I am trying to solve something and I have but I have no idea anymore. Maybe anyone of you has an idea/solution/hint. Given is a block cipher $F$ with key length $n$. It looks like this: $$c = ENC_{k1}...
Donut's user avatar
  • 395
9 votes
3 answers
3k views

SHA-1 collisions - what about practical attacks?

I understand the theoretical problem with hash collision but when it comes to practice, I get very confused. Suppose a attacker would like to forge a certificate (or any kind of structured piece of ...
crypto-learner's user avatar
8 votes
1 answer
2k views

How does the ROCA attack work?

I have been trying to understand the ROCA attack described here as the "First Attack" and I cannot follow the explaination. I have been trying to generate a 512-bits key and crack it. As far as I can ...
John's user avatar
  • 81
6 votes
0 answers
137 views

About the complexity of a path finding attack for a path encrypted with a block cipher (like AES). How many AES calculations count as secure?

Out of $N = s^3$ total points we pick a starting point $p$ and an end point $q$ with $$p=(p_1, p_2)$$ $$q=(q_1,q_2)$$ $$p_1,q_1 \in [0,s)$$ $$p_2,q_2 \in [0,s^2)$$ We want to find a path in between ...
J. Doe's user avatar
  • 453
6 votes
0 answers
582 views

How hard is a known prefix hash preimage attack on SHA-2?

Suppose the attacker knows $X, Z$ such that $H(X || Y) = Z$ If bit-length(Y) < 60 then a brute force attack is possible. What if ...
SDL's user avatar
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6 votes
0 answers
345 views

Statistical saturation attack on block ciphers

I was wondering if anyone around here could give me some explanation on this type of attacks. Pretty much the only thing that I could find is A Statistical Saturation Attack against the Block Cipher ...
Slavi's user avatar
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5 votes
1 answer
203 views

Could a strong round function be immune to slide attacks

An excerpt from the wikipedia article on slide attacks states: ...The only requirements for a slide attack to work on a cipher is that it can be broken down into multiple rounds of an identical F ...
Ella Rose's user avatar
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4 votes
1 answer
5k views

SHA-256 Partial Collision of initial 36 bits and more

I was lucky enough to, by brute force, have found two different messages, whose SHA-256 hashes collide in the first 9 hexadecimal characters, which are 36 bits, let'...
nvbach91's user avatar
4 votes
3 answers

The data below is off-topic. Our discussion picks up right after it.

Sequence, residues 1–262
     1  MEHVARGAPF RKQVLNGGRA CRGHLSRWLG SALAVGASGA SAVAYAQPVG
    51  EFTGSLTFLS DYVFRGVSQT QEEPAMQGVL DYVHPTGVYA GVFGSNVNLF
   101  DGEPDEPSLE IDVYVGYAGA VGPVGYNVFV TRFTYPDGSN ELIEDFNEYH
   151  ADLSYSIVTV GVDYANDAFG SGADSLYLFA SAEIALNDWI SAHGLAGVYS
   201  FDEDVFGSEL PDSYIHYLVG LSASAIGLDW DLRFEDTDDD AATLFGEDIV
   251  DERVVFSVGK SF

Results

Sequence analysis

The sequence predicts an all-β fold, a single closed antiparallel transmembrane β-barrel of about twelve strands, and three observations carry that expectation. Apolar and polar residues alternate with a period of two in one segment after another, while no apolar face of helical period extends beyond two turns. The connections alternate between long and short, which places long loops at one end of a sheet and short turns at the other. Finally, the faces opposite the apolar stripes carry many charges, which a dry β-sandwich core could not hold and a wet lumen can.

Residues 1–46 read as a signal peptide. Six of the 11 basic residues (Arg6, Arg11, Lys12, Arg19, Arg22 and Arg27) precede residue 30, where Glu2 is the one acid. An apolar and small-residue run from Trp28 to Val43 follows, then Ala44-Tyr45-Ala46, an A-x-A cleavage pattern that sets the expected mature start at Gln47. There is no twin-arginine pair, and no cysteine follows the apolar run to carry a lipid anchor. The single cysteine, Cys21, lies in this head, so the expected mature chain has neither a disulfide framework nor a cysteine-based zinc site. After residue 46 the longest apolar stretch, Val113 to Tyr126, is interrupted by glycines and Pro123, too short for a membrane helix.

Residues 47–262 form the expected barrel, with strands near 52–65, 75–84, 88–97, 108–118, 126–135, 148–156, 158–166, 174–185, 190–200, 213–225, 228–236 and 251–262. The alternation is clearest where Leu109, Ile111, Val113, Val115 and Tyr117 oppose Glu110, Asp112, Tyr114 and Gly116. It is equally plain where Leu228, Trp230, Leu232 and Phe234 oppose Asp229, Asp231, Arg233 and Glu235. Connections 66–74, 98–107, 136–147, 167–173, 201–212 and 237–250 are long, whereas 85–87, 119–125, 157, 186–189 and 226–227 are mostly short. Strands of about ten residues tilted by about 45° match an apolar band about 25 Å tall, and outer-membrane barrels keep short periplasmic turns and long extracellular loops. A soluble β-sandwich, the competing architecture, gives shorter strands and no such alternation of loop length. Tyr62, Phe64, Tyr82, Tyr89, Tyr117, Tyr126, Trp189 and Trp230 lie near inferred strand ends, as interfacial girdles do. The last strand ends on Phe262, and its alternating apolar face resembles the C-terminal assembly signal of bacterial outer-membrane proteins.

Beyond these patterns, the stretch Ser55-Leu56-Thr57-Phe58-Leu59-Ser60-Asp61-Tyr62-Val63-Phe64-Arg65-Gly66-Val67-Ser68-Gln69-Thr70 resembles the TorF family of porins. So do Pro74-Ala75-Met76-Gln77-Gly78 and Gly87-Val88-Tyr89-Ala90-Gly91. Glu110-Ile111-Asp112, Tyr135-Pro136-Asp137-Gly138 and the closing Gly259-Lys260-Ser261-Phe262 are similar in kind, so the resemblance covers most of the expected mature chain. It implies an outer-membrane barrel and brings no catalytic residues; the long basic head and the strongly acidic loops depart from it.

2k views

How much processing power should you assume an attacker has?

The answer to this question says that you should assume an attacker can do one billion operations per second: Key Size for Symmetric Homomorphic Encryption Over the Integers Is that a single attacker ...
Alan Wolfe's user avatar
3 votes
2 answers
1k views

XOR cipher with fixed key and known relation among plaintexts

I have three messages, each known to be XOR-encoded, with the same key used for each message of this XOR cipher. Encoded message 1: $e_1\,=\,00100111010$ Encoded message 2: $e_2\,=\,01001110110$ ...
XOR_Help's user avatar
3 votes
1 answer
654 views

Attacks on schemes based on elliptic curves when the transmitted points are not on the curve

Some elliptic curve schemes require to send a curve point during the normal execution of the protocol. For example, ElGamal encryption and ElGamal signature require this. On the other hand, ECDSA does ...
Artjom B.'s user avatar
  • 2,065
30 votes
1 answer
5k views

How was this 2048 bit number factored so fast?

I'm working on a CTF. The challenge is to get the contents of an encrypted message given the ciphertext and the 2048-bit RSA public key. I did finally get the flag after a few hours, but I'm still not ...
rainbowkitty227's user avatar
19 votes
2 answers
5k views

How is encryption broken today?

There are often articles in the news that state that a certain country or hacker has been able to decrypt/hack highly protected systems: Some examples are the Lockheed Martin RQ-170 Sentinel that was ...
Quasar's user avatar
  • 301
12 votes
2 answers
4k views

How can I implement the elliptic curve MOV attack myself?

I understand and have implemented elliptic curve signatures in Python without the use of libraries like Sage, and would like to implement the MOV attack against certain weak types of elliptic curves. ...
Myria's user avatar